The LOD is defined as the additional ammonia mixing ratio that is necessary to exceed 3 standard deviations of the background fluctuations (You et al., 2014). This value corresponds to 0.5 pptv for an averaging time of 1 min. Assuming the same sensitivity as for ammonia and taking into account the background signals for the exact masses, we can estimate LODs for other compounds. Besides the calculated values for ammonia, Table 1 lists the estimated backgrounds and LODs for dimethylamine and iodic acid. High-resolution data are necessary to reach the LODs shown in Table 1 since several species may share the same integer mass. For example, for dimethylamine (exact mass of protonated compound at 46.0651 Th) other species like (45.9924 Th) or CH4NO+ (46.0287 Th) can interfere. For dimethylamine only the peak with the highest count rate is taken into account, since (C2H7N)H3O+ interferes with other compounds measured during the experiments, even with high-resolution data. In principle, the omission of the larger product ions (with one additional water molecule) should lead to a different calibration constant. However, the effect is small since for the measured bases, the ion signals with associated water are smaller than the products without the water molecule. The goodness of the assumption of using the same calibration constant for dimethylamine as that derived for ammonia is discussed in Sect. 3.9.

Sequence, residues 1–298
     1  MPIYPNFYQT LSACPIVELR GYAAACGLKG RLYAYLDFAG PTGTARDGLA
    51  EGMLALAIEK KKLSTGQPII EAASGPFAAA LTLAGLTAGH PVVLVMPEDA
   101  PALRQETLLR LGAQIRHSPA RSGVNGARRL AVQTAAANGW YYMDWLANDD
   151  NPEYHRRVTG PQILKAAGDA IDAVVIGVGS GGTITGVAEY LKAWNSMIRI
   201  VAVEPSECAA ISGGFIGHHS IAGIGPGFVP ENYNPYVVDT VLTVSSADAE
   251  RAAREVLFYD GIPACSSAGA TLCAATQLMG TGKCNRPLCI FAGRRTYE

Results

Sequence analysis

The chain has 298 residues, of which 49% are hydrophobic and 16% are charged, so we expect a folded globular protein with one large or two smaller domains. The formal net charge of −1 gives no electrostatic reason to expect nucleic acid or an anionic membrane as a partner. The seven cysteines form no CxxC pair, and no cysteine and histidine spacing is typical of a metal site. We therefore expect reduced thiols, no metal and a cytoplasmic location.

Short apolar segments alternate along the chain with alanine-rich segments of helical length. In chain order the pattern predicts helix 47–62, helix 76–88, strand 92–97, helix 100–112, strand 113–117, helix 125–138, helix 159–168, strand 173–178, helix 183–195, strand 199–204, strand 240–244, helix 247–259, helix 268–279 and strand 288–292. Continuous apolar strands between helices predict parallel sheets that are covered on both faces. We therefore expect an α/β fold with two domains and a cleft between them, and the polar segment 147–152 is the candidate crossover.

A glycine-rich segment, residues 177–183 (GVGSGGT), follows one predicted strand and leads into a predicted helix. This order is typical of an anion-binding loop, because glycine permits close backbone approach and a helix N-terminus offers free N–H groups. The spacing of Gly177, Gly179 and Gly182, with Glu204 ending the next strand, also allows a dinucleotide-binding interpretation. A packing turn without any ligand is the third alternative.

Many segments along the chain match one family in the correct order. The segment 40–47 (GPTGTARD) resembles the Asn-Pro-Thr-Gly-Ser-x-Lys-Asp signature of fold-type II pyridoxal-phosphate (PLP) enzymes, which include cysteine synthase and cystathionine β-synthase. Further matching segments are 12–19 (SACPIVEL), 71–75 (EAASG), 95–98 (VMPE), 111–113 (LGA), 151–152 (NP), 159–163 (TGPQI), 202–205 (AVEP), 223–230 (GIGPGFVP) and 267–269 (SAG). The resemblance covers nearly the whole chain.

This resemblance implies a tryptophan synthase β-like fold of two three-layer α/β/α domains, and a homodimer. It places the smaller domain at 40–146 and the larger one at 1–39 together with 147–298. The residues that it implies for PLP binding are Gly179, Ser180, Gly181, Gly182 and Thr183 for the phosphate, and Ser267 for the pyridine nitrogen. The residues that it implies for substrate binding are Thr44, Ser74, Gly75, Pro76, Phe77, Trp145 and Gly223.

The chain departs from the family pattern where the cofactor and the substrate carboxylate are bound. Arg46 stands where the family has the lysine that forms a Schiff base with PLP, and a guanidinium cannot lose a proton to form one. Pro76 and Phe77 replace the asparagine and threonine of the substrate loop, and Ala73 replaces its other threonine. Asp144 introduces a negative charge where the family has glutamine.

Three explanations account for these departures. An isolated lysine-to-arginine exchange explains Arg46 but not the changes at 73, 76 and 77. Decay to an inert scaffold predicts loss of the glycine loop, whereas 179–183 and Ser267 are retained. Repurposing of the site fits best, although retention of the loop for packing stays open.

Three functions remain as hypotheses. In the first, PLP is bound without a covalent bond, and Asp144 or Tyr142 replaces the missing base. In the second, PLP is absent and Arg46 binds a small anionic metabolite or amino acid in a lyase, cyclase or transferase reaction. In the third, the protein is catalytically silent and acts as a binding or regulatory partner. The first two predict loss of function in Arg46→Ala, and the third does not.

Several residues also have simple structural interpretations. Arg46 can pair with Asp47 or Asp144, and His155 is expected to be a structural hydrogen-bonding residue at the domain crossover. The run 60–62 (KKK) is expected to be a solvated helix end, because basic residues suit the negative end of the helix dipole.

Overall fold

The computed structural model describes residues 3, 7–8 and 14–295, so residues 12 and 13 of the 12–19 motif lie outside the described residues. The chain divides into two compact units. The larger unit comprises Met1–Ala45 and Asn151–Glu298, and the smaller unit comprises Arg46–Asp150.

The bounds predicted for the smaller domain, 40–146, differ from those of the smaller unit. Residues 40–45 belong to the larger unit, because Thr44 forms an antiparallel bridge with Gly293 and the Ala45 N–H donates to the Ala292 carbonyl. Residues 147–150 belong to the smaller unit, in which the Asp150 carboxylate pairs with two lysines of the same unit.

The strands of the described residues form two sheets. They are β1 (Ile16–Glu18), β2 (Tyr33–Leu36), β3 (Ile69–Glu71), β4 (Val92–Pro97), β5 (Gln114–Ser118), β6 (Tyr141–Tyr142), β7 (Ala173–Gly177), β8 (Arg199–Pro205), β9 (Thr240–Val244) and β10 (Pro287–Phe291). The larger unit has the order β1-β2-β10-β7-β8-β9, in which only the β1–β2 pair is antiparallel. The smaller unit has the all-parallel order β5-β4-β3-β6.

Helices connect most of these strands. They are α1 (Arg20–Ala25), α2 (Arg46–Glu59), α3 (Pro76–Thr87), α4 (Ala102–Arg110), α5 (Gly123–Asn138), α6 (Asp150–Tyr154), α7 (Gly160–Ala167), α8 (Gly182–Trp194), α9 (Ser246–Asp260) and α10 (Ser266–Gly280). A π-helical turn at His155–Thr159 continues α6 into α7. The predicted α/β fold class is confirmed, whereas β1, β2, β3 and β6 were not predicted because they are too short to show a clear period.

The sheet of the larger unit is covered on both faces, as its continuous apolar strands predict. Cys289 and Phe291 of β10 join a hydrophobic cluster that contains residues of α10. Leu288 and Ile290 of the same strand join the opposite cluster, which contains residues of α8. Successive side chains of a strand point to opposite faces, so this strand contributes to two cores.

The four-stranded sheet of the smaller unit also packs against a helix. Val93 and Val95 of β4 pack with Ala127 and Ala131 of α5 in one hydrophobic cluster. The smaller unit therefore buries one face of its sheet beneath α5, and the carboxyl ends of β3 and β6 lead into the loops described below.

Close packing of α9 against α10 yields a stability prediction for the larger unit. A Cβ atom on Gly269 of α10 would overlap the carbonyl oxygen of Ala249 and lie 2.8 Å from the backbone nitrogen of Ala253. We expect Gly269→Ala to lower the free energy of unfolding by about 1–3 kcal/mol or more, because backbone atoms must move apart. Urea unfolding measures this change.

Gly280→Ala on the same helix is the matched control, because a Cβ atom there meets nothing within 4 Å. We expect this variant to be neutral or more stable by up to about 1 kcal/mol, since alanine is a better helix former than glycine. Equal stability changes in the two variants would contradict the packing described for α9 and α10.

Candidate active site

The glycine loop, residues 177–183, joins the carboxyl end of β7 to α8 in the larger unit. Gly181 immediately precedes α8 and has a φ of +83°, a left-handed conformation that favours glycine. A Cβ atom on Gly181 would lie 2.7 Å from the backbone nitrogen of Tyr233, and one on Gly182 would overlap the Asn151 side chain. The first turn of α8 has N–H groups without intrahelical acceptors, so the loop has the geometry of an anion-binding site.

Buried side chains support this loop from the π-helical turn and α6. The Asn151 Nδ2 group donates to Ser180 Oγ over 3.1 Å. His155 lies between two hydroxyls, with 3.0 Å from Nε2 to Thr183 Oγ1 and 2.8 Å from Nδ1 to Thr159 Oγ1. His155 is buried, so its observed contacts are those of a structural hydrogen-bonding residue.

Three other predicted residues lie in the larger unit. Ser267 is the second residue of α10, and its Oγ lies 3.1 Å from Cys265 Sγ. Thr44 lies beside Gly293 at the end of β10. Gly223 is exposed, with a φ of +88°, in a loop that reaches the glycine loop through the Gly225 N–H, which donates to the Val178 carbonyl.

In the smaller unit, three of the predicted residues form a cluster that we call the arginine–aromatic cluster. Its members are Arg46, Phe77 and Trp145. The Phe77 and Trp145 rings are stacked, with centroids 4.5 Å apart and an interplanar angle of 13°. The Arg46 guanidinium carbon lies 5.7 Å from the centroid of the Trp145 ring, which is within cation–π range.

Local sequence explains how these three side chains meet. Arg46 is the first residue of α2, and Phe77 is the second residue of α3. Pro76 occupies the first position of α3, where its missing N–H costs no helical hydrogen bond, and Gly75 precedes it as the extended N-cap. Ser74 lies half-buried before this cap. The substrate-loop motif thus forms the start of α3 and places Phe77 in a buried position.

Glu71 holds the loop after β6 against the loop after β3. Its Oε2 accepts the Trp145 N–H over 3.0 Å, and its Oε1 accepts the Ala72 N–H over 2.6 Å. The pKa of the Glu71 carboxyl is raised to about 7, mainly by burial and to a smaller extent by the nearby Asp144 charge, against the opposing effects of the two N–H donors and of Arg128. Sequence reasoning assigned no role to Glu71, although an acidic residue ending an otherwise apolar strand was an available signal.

The instrumental background for NH3 is higher than the estimated backgrounds for the other compounds shown in Table 1. Ammonia is ubiquitous and hard to remove completely by water purification systems, so it can be introduced into the CLOUD chamber via the air humidification system. Nevertheless, the detection limit derived for ammonia is well below the LOD reported for other measurement techniques and instruments (von Bobrutzki et al., 2010; You et al., 2014; Wang et al., 2015). However, the performance of the water cluster CI-APi-TOF during atmospheric measurements remains to be tested. The dimethylamine level in the CLOUD chamber is mostly below the estimated LOD.
The estimated LOD of iodic acid is well below that of ammonia and dimethylamine (Table 1). We might explain this when looking at signals that could possibly interfere with the measured compounds. All compounds shown in Table 1 have an integer mass at which other signals are also detected, e.g., H2O+ at the nominal mass of ammonia or at the nominal mass of dimethylamine. For the high masses of the iodine-containing species, with their strong negative mass defects, these isobaric compounds are much less crucial. Additionally, iodic acid has a much lower vapor pressure compared with ammonia and is not emitted efficiently from surfaces at temperatures relevant for the present study. Therefore, much lower backgrounds can be expected even if the sampling line and the instrument were exposed to high concentrations before.
3.6 Iodine identified species during CLOUD13